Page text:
Throughout the process, we measured FT-IR spectra of the culture, the main objective being to acquire information on metabolites. We used a two chamber attenuated total reflectance cell fitted with an IR transparent optical crystal (ZnSe), and an Equinox 55 spectrometer (Bruker Optics, Ettlingen, Germany). The measurement system was connected to the growth chamber by a looped plastic tube, with growth medium being pumped through the cell and back into the chamber by a peristaltic pump. Spectra were collected automatically at approximately 12 min intervals.

We analyzed the spectral region corresponding to wavenumbers 3000–2800 cm−1, in which vibrational modes characteristic of fatty acids can be observed (Socrates, 2001). Prior to analysis, the second derivative was calculated before extended multiplicative signal correction (Kohler et al., 2005) was applied. The spectra were analyzed using the software package The Unscrambler (Camo Process, Oslo, Norway).

DNA extraction, PCR amplification and DNA sequencing

Isolation of total DNA was carried out using a Biomek 2000 Laboratory Automation Workstation (Beckman Coulter Inc., Fullerton, CA, USA) and MagPrep Silica particles (Merck, Whitehouse Station, NJ, USA) according to an optimized automated protocol (Skanseng et al., 2006).

PCR amplification of 16S rDNA was carried out using a universally conserved primer set (Nadkarni et al., 2002). The PCR reaction mixture contained 1.25 U of AmpliTaq Gold DNA polymerase (Applied Biosystems, Foster City, CA, USA), 200 μM dNTP mix, 1 μl of template DNA with 0.2 μM of each primer and 2.5 mM MgCl2 in a total volume of 25 μl. The amplification profile was a 5 min activation step at 95 °C followed by 25 cycles of 95 °C for 15 s, 50 °C for 15 s and 72 °C for 1 min. The reaction was terminated with a 7 min elongation step at 72 °C.

Cyclic labeling and chain termination for sequencing was carried out using the BigDye v1.1 sequencing chemistry (Applied Biosystems) and a nested sequencing primer, U515F (Baker et al., 2003), according to instructions supplied by the manufacturer.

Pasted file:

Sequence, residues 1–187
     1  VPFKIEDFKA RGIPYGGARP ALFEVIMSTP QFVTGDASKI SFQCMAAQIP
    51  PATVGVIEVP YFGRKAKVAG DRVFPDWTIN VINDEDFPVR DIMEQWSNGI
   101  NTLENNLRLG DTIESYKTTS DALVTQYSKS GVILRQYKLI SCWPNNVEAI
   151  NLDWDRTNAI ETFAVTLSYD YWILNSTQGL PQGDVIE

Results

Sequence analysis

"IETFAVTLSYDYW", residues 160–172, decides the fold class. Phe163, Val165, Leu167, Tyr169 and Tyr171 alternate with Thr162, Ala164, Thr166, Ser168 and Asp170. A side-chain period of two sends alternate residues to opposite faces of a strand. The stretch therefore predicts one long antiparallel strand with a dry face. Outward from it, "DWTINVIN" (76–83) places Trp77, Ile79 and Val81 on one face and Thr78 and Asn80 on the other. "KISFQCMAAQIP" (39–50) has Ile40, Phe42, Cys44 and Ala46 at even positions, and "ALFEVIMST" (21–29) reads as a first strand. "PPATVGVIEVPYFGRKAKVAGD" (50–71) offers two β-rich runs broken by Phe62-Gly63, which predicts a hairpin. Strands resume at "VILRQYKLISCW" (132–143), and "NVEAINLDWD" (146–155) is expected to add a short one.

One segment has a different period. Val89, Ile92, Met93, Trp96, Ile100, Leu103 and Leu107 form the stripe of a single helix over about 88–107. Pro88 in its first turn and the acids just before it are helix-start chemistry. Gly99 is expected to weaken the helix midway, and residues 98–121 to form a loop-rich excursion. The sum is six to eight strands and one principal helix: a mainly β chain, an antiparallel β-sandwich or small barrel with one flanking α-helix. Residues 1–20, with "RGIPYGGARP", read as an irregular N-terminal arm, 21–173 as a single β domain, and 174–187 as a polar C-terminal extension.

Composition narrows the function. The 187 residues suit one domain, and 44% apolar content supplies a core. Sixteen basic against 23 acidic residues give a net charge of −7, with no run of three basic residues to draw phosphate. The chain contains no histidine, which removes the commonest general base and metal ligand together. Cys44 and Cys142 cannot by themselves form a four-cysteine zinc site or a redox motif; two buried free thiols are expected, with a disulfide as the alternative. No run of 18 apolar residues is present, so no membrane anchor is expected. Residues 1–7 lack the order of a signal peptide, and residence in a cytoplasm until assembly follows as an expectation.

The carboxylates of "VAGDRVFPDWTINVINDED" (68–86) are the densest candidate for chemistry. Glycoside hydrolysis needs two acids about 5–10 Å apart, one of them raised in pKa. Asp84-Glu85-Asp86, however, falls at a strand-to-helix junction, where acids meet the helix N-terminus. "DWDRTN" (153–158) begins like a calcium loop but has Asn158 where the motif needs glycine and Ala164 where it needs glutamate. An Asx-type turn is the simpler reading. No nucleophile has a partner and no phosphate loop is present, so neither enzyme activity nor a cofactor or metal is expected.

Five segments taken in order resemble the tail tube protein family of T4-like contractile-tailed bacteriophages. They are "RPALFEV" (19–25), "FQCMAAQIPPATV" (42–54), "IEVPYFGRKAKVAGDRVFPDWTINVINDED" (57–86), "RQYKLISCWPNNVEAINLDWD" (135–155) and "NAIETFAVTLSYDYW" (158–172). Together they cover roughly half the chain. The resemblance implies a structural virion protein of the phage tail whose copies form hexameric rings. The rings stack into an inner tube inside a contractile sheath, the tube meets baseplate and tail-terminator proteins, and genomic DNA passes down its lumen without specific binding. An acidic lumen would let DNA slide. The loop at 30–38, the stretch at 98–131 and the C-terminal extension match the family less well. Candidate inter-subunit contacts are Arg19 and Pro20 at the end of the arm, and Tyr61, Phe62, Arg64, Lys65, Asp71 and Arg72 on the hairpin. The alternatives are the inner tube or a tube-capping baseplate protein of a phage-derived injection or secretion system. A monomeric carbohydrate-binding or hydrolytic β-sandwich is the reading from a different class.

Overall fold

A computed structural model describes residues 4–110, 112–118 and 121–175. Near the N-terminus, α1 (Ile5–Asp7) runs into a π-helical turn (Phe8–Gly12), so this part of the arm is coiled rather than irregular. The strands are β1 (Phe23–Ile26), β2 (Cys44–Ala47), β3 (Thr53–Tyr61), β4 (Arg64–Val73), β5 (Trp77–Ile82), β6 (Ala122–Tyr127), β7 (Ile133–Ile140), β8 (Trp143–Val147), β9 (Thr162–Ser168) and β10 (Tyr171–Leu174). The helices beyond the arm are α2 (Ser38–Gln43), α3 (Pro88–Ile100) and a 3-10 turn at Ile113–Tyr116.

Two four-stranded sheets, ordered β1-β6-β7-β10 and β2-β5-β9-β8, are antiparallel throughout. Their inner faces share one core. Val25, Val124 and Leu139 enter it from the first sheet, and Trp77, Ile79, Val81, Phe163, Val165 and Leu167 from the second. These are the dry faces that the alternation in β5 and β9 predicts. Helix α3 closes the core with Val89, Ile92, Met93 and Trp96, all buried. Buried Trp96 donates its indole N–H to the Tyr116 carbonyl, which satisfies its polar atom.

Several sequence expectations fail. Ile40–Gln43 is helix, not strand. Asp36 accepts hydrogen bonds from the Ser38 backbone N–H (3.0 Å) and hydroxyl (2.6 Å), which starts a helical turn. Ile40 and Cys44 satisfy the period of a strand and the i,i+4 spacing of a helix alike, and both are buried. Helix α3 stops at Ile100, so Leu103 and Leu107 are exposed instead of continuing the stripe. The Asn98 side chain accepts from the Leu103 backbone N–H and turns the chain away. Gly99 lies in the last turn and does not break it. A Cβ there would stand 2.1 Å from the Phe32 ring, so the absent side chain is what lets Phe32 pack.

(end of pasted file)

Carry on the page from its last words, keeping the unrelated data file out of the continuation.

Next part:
The three species involved in the experiment were identical with respect to both PCR and labeling primer sequences.

Excess dye and labeling primers were removed from the labeled DNA fragments using the Montage SEQ96 Sequencing Reaction Cleanup Kit (Millipore Corp., Billerica, MA, USA), and a Biomek 2000 Laboratory Automation Workstation, according to instructions supplied by the manufacturer. Sequencing was carried out using an ABI PRISM 3100 Genetic Analyzer (Applied Biosystems).

Estimation of species composition in fermentation samples

For estimation of relative species abundances in cell samples from the fermentation, we used an approach of direct DNA sequencing and application of a set of partial least squares regression (PLSR) models to mixed sample sequence electropherograms for a 35 nucleotide region (positions 622–656 in E. coli) of the 16S rRNA gene (Trosvik et al., 2007). In brief, the regression technique relies on a set of training spectra, X, for mixtures of gene fragments of the relevant genetic region, corresponding to a matrix of known mixture ratios, Y. Y is subsequently modeled as a function of X by PLSR, a type of factor analysis that uses the covariance structure between X and Y in order to find latent variables (PLS components) in X. The active use of Y in the analysis ensures that the extracted components are optimal for prediction of mixture ratios in new samples of unknown composition (Martens and Næs, 1989). Design, production and pre-processing of PLSR calibration data used in this work have been described previously (Trosvik et al., 2007).